ENUGU: Government Secondary School, Opposite Shoprite, Abakaliki Road, Enugu.
Visit: to complete forms and process application.
For further information, call /whatsAssp: 07032924219, 08052147039, 08037937287

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* News / Kidnapped Ondo State State Permanent Secretary Released by katty: May 19, 2017, 03:43:05 PM
Dr. Niran Ikuomola, the permanent secretary of the Ondo State Hospital Management Board, who was kidnapped along with his driver on Sunday evening has regained his freedom according to family sources. The medical doctor was abducted by unknown assailants while driving along the Lokoja-Abuja expressway for a meeting in Abuja.  It not known how much the kidnappers were paid in ransom to get Dr. Ikuomola released.

Source :

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* News / Number of #Ebola Cases in #Congo Rises to 29 - WHO by Idowu Olabode: May 19, 2017, 03:16:07 PM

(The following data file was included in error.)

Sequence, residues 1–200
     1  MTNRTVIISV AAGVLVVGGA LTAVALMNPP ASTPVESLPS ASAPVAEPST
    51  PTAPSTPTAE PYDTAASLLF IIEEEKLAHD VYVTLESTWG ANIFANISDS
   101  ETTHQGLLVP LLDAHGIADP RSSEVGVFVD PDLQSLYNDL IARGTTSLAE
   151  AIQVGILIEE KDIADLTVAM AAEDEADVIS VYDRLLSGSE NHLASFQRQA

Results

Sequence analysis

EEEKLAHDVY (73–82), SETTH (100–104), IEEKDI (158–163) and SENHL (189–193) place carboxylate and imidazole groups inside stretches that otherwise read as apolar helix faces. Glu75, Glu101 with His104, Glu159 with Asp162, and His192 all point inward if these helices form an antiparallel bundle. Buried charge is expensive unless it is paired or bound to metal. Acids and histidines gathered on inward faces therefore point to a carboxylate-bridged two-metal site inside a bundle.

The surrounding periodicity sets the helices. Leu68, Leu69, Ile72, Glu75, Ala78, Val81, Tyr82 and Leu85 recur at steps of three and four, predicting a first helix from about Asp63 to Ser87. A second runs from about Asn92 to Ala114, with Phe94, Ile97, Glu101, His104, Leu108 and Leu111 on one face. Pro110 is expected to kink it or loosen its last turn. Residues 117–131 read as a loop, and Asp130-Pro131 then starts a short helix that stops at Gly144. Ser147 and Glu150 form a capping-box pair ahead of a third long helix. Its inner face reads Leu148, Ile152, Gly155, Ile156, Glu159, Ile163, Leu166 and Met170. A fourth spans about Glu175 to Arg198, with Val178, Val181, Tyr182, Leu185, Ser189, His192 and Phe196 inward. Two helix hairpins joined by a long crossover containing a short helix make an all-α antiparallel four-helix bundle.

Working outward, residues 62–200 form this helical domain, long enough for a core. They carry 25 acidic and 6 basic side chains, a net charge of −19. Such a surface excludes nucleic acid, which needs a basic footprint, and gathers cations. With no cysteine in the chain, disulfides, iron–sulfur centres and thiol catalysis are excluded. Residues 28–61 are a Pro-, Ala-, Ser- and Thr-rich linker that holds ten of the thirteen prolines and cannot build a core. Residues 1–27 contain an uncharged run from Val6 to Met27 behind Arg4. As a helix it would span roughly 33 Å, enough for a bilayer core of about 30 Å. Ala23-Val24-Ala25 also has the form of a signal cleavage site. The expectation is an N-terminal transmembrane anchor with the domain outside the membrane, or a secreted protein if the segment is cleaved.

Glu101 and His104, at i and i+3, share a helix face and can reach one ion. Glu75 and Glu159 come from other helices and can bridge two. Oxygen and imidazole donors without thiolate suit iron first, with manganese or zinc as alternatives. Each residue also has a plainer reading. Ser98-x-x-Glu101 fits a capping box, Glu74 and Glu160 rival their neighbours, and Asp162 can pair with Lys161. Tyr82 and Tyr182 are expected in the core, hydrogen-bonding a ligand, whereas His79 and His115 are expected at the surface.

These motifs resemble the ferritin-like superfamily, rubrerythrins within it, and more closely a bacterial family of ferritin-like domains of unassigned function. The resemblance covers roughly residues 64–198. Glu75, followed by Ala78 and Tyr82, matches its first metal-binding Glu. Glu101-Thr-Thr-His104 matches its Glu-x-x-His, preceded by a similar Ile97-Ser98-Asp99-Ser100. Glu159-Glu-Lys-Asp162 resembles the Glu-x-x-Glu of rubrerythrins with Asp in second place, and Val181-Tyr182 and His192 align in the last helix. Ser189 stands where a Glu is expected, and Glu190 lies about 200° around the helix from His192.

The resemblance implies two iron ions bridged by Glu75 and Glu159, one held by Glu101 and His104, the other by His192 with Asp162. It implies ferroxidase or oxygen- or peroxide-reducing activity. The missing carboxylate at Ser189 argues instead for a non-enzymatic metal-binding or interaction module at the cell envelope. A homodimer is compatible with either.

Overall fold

The World Health Organization says Congo now faces 29 suspected cases of the deadly Ebola virus.

WHO spokesman Christian Lindmeier on Friday said the number includes two laboratory-confirmed deaths.

Officials announced the outbreak of the hemorrhagic fever a week ago in a remote area of northern Congo.

Lindmeier says Congo authorities and its health partners are monitoring another 416 people who could have come into contact with the suspected cases.

The Ebola outbreak is the eighth in Congo since 1976.

Source : Associated Press

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* Nursing Jobs / Re: POEA Japan Nurses and Caregivers Hiring 2017 (750 positions) by Vans01: May 19, 2017, 11:53:05 AM
Good day i just want to apply as a nurse
With 6yrs experience in a tertiary hospital
Emergency department
With bls and acls certificate

Hello. Did you submit your application in POEA? Thanks!